Criminalize marital rape in India
Criminalize marital rape in India
Marital rape or spousal rape is the act of sexual intercourse with one's spouse without the spouse's consent. The lack of consent is the essential element and need not involve physical violence.
Although, historically, sexual intercourse within marriage was regarded as a right of spouses, engaging in the act without the spouse's consent is now widely classified as rape by many societies around the world, repudiated by international conventions, and increasingly criminalized.
The issues of sexual and domestic violence within marriage and the family unit, and more specifically, the issue of violence against women, have come to growing international attention from the second half of the 20th century. Still, in many countries, marital rape either remains outside the criminal law, or is illegal but widely tolerated including India. Laws are rarely being enforced, due to factors ranging from reluctance of authorities to pursue the crime, to lack of public knowledge that sexual intercourse in marriage without consent is illegal.
The prevalence of marital rape is difficult to assess, especially outside the Western World. Discussing sexual matters in many cultures is taboo. One problem with studies on marital rape is that the Western concept of consent is not understood in many parts of the world. Because many societies operate on social norms which create a dual system of sexual morality—one for sexual intercourse that is marital which is seen as an obligation that cannot be refused, and extra-marital, which is seen as wrong (or illicit/illegal). Issues of consent are poorly understood, especially by young wives (which are often young girls who do not have a proper understanding of sexual rights).
While rape by a stranger is highly traumatic, it is typically a one-time event and is clearly understood as rape. In the case of rape by a spouse or long term sexual partner, the history of the relationship affects the victim's reactions. There is research showing that marital rape can be more emotionally and physically damaging than rape by a stranger. Marital rape may occur as part of an abusive relationship. Trauma from the rape adds to the effect of other abusive acts or abusive and demeaning talk. Furthermore, marital rape is rarely a one-time event, but a repeated if not frequent occurrence.Whether it takes place once or is part of an established pattern of domestic violence, trauma from rape has serious long term consequences for victims regardless of whether the assault is prosecuted or not.
According to a National Family Health Survey report (2015), 5.4 per cent of married women between 15-49 years of age in India reported that their husbands had physically forced them to have sexual intercourse against their will. At least 2.5 per cent women reported that their husbands physically forced them to perform any other sexual act without their consent.
A United Nations Population Fund survey (2014) revealed that 52 per cent of the women surveyed had experienced some form of violence during their lifetime while 60 per cent men said they had acted violently against their wife/partner at some point in their lives.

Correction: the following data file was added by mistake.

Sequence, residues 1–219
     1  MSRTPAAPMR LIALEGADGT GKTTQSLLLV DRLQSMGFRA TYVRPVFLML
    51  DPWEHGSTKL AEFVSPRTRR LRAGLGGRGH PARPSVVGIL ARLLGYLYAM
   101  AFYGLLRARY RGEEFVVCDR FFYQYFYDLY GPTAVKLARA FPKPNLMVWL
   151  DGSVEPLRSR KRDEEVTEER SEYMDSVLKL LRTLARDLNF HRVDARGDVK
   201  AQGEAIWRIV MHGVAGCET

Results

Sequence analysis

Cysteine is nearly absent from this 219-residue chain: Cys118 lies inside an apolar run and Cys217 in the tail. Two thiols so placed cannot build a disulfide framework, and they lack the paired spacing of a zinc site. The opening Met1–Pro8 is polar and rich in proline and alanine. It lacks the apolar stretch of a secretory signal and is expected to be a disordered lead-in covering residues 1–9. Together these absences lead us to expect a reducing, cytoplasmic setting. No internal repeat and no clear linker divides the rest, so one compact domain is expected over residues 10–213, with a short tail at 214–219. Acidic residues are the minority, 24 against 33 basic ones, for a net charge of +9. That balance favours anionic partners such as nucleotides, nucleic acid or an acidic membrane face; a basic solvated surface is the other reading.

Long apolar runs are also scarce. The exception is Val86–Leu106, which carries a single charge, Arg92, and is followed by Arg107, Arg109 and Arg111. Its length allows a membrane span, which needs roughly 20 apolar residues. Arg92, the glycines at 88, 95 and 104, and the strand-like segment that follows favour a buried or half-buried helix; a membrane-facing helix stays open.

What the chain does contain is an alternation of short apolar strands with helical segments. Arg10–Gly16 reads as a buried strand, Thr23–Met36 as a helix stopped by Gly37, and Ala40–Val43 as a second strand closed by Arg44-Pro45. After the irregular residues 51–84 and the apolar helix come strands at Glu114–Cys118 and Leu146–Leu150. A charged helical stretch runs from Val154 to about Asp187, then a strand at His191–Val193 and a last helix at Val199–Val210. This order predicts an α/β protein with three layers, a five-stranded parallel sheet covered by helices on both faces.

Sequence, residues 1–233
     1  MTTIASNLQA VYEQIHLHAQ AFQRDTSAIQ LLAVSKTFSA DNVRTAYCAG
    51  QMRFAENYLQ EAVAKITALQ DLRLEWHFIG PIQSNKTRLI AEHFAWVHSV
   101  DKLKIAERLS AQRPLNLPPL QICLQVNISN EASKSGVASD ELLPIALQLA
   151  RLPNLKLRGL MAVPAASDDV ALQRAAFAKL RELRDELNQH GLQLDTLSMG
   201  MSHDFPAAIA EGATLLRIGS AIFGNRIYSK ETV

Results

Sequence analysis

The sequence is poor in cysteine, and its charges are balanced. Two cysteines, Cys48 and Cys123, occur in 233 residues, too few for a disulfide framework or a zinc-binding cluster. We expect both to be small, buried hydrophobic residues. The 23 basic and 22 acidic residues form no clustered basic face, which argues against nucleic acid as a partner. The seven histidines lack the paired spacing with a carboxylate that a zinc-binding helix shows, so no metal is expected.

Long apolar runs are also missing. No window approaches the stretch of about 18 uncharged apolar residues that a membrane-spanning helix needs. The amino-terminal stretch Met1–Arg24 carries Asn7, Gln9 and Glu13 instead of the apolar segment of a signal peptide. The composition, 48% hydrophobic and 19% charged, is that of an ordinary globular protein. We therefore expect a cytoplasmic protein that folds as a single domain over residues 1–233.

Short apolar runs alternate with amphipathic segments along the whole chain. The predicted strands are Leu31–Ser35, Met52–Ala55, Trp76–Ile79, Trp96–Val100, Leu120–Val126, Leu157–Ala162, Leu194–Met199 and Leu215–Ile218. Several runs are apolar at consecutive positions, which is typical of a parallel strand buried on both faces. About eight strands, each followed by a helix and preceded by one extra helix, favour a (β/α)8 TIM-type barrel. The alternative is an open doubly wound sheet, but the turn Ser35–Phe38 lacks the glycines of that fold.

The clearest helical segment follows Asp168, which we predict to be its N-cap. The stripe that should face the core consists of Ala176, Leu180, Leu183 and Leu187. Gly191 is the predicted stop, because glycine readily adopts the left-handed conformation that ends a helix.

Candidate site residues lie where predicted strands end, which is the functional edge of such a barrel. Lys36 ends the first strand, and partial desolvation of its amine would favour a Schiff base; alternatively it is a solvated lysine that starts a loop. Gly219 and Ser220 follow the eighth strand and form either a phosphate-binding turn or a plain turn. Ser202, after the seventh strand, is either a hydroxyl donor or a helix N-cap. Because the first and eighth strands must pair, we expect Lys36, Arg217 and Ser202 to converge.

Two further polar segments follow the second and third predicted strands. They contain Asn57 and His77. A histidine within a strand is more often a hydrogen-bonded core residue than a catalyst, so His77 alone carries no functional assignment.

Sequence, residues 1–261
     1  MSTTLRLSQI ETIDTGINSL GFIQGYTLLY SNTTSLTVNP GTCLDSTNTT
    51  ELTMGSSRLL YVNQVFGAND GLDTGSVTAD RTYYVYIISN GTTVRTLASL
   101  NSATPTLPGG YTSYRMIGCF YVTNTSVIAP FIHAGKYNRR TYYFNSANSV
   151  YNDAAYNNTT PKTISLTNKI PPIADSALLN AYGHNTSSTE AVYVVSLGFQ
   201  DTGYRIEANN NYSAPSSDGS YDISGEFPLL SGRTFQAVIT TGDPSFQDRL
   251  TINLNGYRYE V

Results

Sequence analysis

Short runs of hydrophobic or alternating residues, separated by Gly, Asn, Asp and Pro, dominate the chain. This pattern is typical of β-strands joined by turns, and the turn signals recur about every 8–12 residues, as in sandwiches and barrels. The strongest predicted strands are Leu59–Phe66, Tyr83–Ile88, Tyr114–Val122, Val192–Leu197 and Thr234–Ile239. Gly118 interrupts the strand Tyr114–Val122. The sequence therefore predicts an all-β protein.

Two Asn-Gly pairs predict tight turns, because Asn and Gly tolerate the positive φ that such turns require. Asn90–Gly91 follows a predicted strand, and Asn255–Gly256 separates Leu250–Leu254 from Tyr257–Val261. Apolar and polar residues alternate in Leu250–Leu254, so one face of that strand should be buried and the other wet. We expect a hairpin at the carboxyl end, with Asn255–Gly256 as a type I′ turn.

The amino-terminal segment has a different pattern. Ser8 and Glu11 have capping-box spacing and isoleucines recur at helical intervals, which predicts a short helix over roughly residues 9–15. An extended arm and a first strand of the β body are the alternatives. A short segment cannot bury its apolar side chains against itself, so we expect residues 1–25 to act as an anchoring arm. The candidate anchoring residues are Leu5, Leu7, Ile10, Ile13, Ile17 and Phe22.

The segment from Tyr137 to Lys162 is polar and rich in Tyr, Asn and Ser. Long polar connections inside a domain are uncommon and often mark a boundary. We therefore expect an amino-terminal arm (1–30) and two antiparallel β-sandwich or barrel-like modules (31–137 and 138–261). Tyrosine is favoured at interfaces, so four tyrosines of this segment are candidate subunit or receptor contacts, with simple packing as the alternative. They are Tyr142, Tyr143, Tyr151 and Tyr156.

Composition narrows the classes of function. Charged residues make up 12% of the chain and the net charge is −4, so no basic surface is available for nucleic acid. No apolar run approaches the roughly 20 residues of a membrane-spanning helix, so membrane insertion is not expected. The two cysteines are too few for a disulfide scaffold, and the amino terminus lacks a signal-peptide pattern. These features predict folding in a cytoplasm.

Reasons and Implications of Marital Rape
1. To show dominance : Due to disputes and discords between the spouses, the man tries to show his dominion by forcing himself on the woman. This way he destroys the woman's privacy and dignity.
2. Sexual dissonance:Sometimes, the woman may not be interested in sex for reasons that are clear only to her and may refuse her husband. Men are generally more oversexed than women are. So when the man is denied sex, he treats it as an insult to his manhood.
3. Unemployment : A 2002 study confirms that odds of marital rape are greater among unemployed men. Being unemployed may dent their self esteem which can precipitate into violence in the bedroom.
4. Family Aspects: If a man has grown up in an environment where he has seen his father enact the same behavior with his mother, the chances of him emulating his father will be greater.
Section 375 of the Indian Penal Code defines rape as sexual intercourse without consent and against the will of a woman. But exception to the Section 375 says sexual intercourse by a man with his wife, who is 15 or above, is not rape even if it is without her consent and against her will.
But in October 2017, the SC ruled that sex with one’s minor wife would amount to rape. It watered down the exception to Section 375 IPC which said sexual intercourse by a man with his wife not under the age of 15 would not amount to rape, saying it was inconsistent with the Juvenile Justice Act and the Protection of Children from Sexual Offences Act that fixed the age of consent of the girl at 18. But even after this verdict, marital rape in general continues not to be a crime as the SC refrained from making any observation with regard to marital rape. Even as India dithers, more than 50 countries, including the US, the UK, Canada, France, Mauritius, Sri Lanka and Bhutan, have already criminalised it.
The Law Commission (172nd Report, 2000) has opposed criminalising marital rape on the ground “that may amount to excessive interference with the marital relationship” and said forced sexual intercourse by a husband can be treated as an offence just like any other physical violence by a man against his wife.
But marital rape is just not a matter of violence, it is non-consensual and therefore, a kind of rape. It is a matter of basic human rights and thus it must be criminalized and the exception which legalizes marital rape in the Section 375 of Indian Penal Code must be removed.